Our 19 year-old daughter has been a vegetarian — off and on — for about eight years now. She declared her vegetarianism — without preamble, without any hint of a warning — just before her twelfth birthday. We were camping and my husband had just set a barbecued pork chop onto her plate when she suddenly pushed the plate away and said, “I don’t want to eat this; I want to be a vegetarian.”

So, of course — as any parents would do — my husband and I questioned her on it. Isn’t this rather out of the blue? we asked.

But no, apparently not. Apparently, it was something she had been thinking of for quite some time*, and because of that it didn’t even occur to us that it was something we could, or should, be talking her out of.

(I do confess that when, a few short months later, our daughter’s politically- and socially-active social studies teacher showed her class the documentary Food, Inc (much to the chagrin of many parents) and one of her best friends went home and told her parents that she too wanted to become a vegetarian, and her parents simply said, Oh no, you’re NOT! … I felt slightly duped. Did YOU know, I asked my husband, that we could simply have said “No”?!?!)

Has this last paragraph left you with the impression that I was less-than-happy with her supposedly well-thought-out stance?

Yes, I admit to a fair amount of grumbling:

What’s she going to eat when we have chicken?! What about the pasta sauce?! And why am I the one now stuck cooking (cough*heating*cough) TWO meals?!

But, ah … the beauty that occasionally comes with hindsight … ! Looking back on it now, I’m extraordinarily glad that we didn’t talk her out of it, because although our daughter’s position was tempered by a short period during which she acquiesced slightly and ate organic, free-range meat and chicken, her vegetarianism has meant several things to our family:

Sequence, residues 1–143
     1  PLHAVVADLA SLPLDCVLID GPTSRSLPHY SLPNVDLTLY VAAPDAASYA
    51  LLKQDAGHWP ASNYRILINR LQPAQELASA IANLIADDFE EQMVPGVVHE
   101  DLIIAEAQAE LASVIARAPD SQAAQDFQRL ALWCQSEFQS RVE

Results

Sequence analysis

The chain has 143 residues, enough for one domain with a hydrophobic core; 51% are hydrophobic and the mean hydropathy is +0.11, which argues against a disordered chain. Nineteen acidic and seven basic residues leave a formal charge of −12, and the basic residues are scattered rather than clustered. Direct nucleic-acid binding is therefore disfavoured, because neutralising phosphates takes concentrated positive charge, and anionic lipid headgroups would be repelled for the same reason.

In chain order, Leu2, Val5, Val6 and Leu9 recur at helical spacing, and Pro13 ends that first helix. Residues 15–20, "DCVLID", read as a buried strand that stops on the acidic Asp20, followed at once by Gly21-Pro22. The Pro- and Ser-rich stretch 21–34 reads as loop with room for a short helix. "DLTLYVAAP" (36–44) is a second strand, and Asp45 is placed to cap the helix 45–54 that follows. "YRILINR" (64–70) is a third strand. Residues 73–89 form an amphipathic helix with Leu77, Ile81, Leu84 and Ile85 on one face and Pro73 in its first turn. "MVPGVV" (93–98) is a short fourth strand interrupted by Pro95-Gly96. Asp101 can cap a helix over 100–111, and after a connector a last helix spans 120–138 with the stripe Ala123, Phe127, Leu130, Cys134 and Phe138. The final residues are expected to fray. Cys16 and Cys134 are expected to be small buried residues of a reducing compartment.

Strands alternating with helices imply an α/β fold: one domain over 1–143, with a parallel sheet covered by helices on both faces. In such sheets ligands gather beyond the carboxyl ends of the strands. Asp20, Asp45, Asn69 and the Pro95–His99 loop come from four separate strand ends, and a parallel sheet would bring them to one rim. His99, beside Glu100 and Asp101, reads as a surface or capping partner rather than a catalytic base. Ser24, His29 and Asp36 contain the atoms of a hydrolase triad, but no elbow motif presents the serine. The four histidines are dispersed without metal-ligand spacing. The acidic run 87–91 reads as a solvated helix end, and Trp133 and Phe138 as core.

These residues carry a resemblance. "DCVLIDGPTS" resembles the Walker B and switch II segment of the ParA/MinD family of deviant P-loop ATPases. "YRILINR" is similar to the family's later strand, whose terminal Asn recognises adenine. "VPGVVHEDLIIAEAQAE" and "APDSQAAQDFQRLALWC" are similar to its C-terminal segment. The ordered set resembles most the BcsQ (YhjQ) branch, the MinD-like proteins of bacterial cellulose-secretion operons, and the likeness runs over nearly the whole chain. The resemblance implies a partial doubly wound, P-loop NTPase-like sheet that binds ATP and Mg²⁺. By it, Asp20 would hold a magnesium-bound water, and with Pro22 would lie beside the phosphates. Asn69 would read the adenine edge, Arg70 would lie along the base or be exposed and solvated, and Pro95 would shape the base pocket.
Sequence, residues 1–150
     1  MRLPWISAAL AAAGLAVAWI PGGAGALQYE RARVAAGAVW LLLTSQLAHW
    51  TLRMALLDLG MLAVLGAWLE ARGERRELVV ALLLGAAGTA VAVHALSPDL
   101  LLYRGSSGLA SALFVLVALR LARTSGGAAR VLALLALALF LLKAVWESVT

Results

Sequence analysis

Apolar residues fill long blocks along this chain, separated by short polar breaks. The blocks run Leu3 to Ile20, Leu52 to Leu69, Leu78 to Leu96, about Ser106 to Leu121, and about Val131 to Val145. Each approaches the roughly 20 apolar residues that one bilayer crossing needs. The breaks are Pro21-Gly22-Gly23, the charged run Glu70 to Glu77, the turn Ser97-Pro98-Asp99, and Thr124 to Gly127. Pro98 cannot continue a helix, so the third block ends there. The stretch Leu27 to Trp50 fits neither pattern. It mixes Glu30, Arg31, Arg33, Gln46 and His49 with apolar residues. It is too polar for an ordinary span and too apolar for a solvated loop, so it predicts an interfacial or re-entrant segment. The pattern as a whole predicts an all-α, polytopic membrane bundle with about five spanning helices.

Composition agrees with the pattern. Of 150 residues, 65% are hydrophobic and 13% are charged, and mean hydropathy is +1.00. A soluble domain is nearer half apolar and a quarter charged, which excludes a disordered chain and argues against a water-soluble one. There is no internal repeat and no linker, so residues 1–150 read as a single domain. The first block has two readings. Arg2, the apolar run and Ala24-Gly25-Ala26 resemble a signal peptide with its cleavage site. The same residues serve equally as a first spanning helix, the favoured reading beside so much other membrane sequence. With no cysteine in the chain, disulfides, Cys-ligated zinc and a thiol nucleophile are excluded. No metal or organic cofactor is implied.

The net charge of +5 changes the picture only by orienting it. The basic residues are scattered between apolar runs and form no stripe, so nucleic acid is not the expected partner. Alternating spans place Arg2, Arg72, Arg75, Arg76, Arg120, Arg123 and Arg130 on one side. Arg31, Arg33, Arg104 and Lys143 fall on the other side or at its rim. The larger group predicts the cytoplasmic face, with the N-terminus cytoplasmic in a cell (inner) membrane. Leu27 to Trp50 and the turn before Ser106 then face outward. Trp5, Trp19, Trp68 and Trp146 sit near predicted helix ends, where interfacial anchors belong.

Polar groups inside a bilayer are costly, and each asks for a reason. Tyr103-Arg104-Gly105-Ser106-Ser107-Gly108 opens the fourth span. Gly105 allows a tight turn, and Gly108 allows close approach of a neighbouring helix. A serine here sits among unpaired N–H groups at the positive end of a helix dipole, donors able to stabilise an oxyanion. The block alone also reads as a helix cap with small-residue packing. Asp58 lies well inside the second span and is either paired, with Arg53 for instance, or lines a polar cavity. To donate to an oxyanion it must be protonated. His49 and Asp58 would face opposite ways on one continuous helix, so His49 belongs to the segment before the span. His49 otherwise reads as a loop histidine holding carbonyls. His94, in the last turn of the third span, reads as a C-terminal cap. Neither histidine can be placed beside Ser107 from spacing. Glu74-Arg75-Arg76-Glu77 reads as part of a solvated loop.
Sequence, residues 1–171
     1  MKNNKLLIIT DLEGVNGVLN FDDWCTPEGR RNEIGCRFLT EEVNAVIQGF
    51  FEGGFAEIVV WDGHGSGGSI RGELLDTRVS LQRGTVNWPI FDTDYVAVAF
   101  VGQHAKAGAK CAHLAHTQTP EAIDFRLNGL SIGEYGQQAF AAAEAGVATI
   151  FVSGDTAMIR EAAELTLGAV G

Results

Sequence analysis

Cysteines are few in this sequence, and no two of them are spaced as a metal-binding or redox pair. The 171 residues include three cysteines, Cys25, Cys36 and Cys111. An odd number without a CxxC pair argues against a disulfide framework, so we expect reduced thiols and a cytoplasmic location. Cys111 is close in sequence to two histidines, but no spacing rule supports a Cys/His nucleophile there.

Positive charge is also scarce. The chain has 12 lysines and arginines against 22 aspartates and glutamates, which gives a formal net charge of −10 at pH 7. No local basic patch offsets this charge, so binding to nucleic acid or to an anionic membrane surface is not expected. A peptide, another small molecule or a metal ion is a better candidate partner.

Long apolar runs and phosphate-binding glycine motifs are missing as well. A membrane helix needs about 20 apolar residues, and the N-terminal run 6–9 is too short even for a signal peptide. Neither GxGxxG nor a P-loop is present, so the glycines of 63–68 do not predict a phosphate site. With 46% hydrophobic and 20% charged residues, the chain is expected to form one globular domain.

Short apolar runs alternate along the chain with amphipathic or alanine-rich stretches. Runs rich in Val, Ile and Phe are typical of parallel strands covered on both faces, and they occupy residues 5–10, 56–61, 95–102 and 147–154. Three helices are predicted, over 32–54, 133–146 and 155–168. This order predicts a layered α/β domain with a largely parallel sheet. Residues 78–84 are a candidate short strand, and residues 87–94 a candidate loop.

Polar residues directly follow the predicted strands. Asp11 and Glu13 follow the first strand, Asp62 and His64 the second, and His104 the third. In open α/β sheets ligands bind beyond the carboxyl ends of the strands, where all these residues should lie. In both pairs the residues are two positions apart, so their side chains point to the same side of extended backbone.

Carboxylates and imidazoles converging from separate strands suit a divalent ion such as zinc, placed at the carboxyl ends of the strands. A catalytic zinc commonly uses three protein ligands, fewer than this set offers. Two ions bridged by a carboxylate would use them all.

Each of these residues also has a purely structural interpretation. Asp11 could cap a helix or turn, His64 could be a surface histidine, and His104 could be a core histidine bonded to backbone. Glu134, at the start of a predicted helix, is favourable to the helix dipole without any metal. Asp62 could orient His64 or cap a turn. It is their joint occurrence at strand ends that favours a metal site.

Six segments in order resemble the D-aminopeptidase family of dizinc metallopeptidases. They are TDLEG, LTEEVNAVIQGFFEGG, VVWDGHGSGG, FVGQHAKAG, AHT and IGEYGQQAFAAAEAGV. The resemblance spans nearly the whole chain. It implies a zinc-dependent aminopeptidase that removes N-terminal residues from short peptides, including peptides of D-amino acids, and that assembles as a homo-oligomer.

• It forced me to become a better cook (although I confess to a fair amount of *heating* until the year I gave up processed food):http://greengreyandgezellig.com/?p=483
  • Her stance influenced her younger brother, who also turned vegetarian for a time, and who, to this day, remains very thoughtful about the food he eats.
  • Our youngest son has — from a very young age — been exposed to (and eats!) a wide variety of foods which he claims his friends’ parents would never dream of setting on the table**.
  • It further heightened my already-strong interest in reading about nutrition and health, which has resulted in a healthier and more varied diet than we would have had otherwise, and we have all slowly moved along with her to what has become, in the last couple of years, a nearly-completely vegetarian diet.
  • It has likely halted what we’ve always imagined to be my husband’s genetic “fate”: a predisposition that would lead inexorably towards weight gain and chronic disease.

And this is where we return to my husband and the whole vegan-esque activist thing …

My husband has recently done two things (and by that, I mean he has done them independently; he has not just watched me do them and then listened to my take on things):

  1. He’s read How Not to Die: Discover the Foods Scientifically Proven to Prevent and Reverse Disease, by Dr. Michael Greger, the medical doctor who runs the website nutritionfacts.org. This is a two-part book which deals with both the scientific evidence which lies behind the top fifteen causes of death in the U.S., as well as the foods*** which have been shown to prevent these diseases. It’s well-written and very accessible; my husband, who has a strong technical background, but is completely unversed in biological matters, has found it to be a fascinating read.